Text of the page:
The way you describe it, with a wife that’s hating metal and punk, having a demanding job as a teacher with lots of  straight coworkers, you don’t seem to be part of a metal network or a scene? Do you feel this limits you for instance in finding musicians for a real band to record and perform live?

– Yeah man this is actually a big issue that I’ve dealt with throughout my life. I never really committed to a “metal identity” or being part of the scene because I’d rather just be a nerd and share shit with my close friends. The closest “scene” thing I’ve done is start a metal message board that is members-only. It was going strong for a while and we printed up shirts and hoodies and met up for hang-outs and shit like that. We recruited dudes we met at shows in different states and at one point I think we had like 30 active members that were all sharing rare shit and it was fucking cool. But I guess we’re living in the era of short-attention spans and eventually I lost interest in posting shit and rarely check it these days. The core dudes who helped me started are my close friends anyway so I just stay in touch with those guys and a few other board members through facebook and email. It was fun though, we called it The Infernal Circle and we had a logo and all these sayings and shit like that. BEEN HAD POSTED and HOODS UP are still classic catch phrases we created. But now I live in the San Francisco Bay Area where there are so many shows and bands that I could get into. It’s a super healthy metal scene. We recorded the Spellbinder demo in the same rehearsal room that Slough Feg uses. But now that I work full-time and I’m married to someone who HATES metal and doesn’t like it when I go to shows on weeknights, I’ve basically resigned myself to a domestic life where I just work and do my house chores and hang out with my wife. When I have free time, I write songs and nerd out on the Internet but I rarely go to shows. I missed both Manowar and Motorhead recently and I feel like such a pussy but I’d almost rather just watch some live shit on YouTube rather than driving somewhere, dealing with parking, dealing with people, and standing around for two hours trying to talk to people when there’s extremely loud music playing. The other thing is, playing with other people means I have to drive to the city, pay money to play for three hours in some shithole rehearsal room on a nice sunny afternoon in San Francisco, and then book these lame ass shows that no one comes to. My co-workers have met their quota of coming to shows when I was in a punk band called The Sprains, so they aren’t coming and since I don’t go to shows I don’t know that many metallers that I could get to come out. Sounds like a cop-out but fuck it! I get more shit done in my bedroom than I ever did when I was playing with other people. And my “band-mate” lives in fucking Sweden and I’ve never even met him! Haha! So fuck all the bullshit, I’d rather just be myself and keep putting out music on my own terms. I love the metal scene but I can’t be bothered to get that involved because it’s time and money that I don’t have. All my energy is now spent writing songs and paying for recordings. Simple as that!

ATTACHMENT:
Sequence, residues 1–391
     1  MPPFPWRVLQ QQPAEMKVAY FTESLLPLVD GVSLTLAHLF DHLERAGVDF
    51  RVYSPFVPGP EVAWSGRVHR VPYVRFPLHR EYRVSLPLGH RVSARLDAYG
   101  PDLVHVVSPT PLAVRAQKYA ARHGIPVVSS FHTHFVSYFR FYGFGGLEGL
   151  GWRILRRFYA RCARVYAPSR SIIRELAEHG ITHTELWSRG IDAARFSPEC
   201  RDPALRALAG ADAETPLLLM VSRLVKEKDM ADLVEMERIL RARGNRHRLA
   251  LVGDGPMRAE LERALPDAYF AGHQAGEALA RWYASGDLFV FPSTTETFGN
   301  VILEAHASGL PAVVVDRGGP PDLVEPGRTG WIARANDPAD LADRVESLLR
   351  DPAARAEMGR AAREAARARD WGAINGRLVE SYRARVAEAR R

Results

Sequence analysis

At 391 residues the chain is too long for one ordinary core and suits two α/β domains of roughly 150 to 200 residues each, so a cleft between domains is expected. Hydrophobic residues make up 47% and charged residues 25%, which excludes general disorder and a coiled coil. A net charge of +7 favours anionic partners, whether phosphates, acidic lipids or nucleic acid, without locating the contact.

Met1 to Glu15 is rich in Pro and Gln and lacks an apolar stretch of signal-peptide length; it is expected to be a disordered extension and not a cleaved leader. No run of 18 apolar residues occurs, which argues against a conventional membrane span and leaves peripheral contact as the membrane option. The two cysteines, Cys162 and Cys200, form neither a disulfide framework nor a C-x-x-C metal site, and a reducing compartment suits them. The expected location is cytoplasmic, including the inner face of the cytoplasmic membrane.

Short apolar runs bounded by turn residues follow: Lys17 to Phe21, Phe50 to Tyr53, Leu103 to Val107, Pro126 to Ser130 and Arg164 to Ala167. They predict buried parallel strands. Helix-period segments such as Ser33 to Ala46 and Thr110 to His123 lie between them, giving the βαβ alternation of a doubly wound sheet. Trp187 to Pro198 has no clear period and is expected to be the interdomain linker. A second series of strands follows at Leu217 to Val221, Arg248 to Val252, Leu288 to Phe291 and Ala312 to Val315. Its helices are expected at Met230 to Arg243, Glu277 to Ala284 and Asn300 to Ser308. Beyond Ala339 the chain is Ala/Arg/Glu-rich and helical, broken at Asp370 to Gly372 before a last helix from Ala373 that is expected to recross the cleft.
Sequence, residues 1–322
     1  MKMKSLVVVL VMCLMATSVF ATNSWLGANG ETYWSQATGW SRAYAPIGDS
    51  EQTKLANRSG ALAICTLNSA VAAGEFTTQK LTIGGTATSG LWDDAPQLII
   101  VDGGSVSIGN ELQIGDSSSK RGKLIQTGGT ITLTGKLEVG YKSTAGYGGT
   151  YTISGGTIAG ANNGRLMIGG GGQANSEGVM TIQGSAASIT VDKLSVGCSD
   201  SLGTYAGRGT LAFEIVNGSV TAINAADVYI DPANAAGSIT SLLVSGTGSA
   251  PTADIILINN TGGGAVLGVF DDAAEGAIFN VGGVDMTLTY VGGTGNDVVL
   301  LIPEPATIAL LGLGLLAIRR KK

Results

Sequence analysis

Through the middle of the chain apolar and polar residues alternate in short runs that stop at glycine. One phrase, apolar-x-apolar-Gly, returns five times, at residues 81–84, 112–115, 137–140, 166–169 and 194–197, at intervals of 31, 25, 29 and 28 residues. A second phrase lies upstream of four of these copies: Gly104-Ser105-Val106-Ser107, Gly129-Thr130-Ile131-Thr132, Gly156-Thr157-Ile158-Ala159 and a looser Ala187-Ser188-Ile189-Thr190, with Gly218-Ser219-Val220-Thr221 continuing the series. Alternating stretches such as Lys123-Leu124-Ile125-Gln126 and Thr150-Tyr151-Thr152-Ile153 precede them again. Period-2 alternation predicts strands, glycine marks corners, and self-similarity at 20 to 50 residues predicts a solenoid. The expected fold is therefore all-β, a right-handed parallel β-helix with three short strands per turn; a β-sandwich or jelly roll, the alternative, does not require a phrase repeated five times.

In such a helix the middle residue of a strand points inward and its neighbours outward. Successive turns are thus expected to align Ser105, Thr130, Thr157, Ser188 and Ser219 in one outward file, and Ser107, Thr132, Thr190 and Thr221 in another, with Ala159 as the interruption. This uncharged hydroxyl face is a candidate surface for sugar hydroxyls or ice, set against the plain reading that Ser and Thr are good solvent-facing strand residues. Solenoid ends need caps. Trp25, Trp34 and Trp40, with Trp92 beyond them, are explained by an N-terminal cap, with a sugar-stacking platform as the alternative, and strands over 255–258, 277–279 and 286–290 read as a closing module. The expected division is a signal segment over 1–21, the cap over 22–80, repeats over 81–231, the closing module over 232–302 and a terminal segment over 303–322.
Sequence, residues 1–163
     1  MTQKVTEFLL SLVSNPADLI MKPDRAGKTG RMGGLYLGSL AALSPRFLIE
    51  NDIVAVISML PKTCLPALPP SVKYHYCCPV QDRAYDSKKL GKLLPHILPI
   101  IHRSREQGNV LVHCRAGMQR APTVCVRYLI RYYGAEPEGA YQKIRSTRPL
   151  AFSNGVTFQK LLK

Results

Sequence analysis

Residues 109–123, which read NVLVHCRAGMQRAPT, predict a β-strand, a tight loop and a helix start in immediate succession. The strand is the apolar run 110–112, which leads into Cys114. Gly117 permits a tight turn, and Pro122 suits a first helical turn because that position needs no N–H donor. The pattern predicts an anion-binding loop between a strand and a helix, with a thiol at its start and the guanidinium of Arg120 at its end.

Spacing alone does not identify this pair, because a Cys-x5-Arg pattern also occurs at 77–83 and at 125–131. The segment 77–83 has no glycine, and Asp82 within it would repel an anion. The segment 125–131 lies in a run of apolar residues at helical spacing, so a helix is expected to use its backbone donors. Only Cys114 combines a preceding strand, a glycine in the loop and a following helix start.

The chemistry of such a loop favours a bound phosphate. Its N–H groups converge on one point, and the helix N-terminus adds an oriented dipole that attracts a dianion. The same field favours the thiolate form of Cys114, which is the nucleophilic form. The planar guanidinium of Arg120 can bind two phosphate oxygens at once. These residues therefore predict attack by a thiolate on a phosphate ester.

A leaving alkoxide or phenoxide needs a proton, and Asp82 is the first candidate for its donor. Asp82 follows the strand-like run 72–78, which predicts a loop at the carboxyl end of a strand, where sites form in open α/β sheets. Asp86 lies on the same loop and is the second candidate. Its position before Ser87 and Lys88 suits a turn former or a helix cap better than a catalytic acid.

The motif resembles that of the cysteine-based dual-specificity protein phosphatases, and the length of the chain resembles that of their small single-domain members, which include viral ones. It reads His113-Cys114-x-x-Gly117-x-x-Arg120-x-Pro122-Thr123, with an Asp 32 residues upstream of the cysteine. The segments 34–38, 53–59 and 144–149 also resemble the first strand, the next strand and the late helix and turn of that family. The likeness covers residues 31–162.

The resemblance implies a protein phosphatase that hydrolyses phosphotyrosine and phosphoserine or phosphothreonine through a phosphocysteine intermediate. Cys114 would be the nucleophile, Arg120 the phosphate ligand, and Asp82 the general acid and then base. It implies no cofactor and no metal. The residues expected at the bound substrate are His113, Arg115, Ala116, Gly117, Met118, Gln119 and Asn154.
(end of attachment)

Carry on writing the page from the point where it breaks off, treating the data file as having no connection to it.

How did you end up using the name Cloven Altar? The name creates associations to two cult bands, Cloven Hoof and Pagan Altar, was this intended? What’s your relationship to these acts? Did you consider other names?